Israeli Researchers Lead Team That Finds Two New Planets
Tel Aviv University team uses AI to detect new worlds more than 600 light years away
A research team led by Israeli scientists has found two new giant planets in remote solar systems.
The planets are made mostly of gas and are about the size of Jupiter – which is 1,300 times bigger than planet Earth.
They are located so close to their suns that they can complete an orbit – equivalent to our 365-day year – in less than four days.
Researchers from Tel Aviv University (TAU) headed a team that used data from the European Space Agency’s (ESA) Gaia spacecraft (also called space observatory) to identify the planets
Gaia-1b, which is 1,186 light years from Earth, and Gaia-2b, which is 682 light years away, are named after the observatory.
The discovery “marks another milestone in the scientific contribution of the Gaia spaceship’s mission, which has already been credited with a true revolution in the world of astronomy,” the university said in a statement.
Gaia has been mapping a billion stars in our galaxy since it was launched in December 2013. The team used artificial intelligence to help them identify changes in the brightness of the many suns they were observing, a telltale sign that they were being obscured by an orbiting planet.
“Gaia is constantly monitoring hundreds of millions of stars, studying their various properties. Among other things, it is monitoring their brightness. As planets orbit the stars, they might hide part of their stellar surface, causing an apparent slight periodic dimming of the star,” Prof. Shay Zucker, one of the TAU researchers, tells NoCamels.
“This way — to detect planets — was known for many years. Gaia was not meant for this purpose and was not optimized for this task. Nevertheless, my team looked for this effect,” he continues, “So we developed the needed software tools to detect their periodic dimmings and indeed we found them.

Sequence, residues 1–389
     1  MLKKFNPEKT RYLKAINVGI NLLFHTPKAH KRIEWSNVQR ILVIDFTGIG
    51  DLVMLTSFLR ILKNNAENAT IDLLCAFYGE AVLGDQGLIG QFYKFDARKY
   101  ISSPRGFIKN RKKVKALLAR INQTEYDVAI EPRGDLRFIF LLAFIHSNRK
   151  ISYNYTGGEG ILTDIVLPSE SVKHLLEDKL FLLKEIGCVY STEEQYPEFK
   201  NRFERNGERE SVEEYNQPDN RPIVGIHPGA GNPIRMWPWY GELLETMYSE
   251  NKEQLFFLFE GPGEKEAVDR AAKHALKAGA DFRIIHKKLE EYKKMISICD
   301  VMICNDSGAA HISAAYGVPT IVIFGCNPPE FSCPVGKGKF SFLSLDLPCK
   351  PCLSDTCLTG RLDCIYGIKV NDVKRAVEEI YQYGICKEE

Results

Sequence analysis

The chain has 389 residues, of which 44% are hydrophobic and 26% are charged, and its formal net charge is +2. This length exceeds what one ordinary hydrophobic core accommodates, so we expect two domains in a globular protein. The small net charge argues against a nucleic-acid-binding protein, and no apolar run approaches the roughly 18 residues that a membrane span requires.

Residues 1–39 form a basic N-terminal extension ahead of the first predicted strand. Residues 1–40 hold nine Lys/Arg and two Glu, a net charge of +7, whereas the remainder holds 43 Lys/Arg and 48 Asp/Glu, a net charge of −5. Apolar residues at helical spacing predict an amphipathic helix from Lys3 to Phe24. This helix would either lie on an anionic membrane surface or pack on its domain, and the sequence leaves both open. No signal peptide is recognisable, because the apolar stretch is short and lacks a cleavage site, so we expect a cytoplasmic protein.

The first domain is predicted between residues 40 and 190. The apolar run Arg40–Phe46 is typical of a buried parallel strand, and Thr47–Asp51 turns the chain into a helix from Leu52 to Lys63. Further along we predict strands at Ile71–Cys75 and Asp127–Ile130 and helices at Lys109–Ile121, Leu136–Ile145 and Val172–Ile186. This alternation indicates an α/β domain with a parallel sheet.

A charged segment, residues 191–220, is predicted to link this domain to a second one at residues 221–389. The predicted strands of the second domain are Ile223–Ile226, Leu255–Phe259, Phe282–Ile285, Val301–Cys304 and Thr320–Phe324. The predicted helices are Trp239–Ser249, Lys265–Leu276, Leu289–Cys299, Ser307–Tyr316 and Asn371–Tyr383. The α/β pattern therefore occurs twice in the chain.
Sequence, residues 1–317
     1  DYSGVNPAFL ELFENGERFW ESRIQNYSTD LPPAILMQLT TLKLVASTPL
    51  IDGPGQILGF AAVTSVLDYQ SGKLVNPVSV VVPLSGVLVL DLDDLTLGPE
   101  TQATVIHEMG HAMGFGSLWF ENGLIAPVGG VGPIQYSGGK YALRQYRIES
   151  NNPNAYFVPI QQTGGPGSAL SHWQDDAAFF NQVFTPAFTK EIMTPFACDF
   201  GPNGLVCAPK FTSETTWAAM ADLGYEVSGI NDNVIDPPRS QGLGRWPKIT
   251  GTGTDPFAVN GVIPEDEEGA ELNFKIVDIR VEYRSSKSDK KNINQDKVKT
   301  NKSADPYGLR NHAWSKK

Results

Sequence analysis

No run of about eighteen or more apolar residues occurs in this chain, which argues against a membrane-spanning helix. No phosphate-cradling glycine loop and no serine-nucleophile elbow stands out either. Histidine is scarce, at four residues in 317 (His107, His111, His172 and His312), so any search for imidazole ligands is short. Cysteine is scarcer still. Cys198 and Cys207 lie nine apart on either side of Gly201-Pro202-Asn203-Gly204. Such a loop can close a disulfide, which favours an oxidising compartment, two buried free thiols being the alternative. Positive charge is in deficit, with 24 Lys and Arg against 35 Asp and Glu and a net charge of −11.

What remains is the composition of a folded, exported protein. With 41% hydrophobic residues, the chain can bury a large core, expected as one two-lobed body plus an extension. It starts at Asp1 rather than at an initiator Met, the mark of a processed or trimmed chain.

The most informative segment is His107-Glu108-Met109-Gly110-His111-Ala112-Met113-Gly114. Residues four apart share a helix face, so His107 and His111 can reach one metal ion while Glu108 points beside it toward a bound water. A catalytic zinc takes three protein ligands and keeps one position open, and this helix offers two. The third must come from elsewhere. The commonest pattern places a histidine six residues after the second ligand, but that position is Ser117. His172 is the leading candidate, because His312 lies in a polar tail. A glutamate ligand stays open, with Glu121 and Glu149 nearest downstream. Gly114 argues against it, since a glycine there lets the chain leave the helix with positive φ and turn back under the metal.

“Gaia has done much more than detect planets,” “That’s actually only a small fraction of Gaia’s scientific contribution. Gaia was, first and foremost, meant to map our galaxy – the Milky Way – in unprecedented precision. Thus, its contribution to other fields in astronomy (beyond planets orbiting other stars) is huge.”
This discovery “was made in the wake of precise searches, using methods of artificial intelligence,” Zucker said in a TAU statement. “The measurements we made with the telescope in the US confirmed that these were in fact two giant planets … located so close to their suns that they complete an orbit in less than four days, meaning that each Earth year is comparable to 90 years of that planet.”
“We confirmed they were planets by performing additional observations using Earth-based telescopes. We looked for tiny motions of stars that were related to the effect of [motion] of a planet,” Zucker says.
News of the new planets comes just as NASA published photos taken by James Webb Space Telescope, the largest optical telescope in space, designed to view objects too old, distant, or faint for the Hubble Space Telescope. The photos also include stars that were previously obscured — as well as cosmic cliffs, and emerging stellar nurseries — an unseen universe that is said to mark the dawn of a new era in astronomy, according to the NASA Jet Propulsion Laboratory, the federally funded research and development center and NASA field center in California.
In March, the Gaia spaceship spotted the James Webb telescope while both were working deep space.
Gaia is a space observatory of the ESA, launched in 2013 and expected to operate until 2025. As Zucker says, the spacecraft is designed to measure the positions, distances, and motions of stars with unprecedented precision, called astrometry.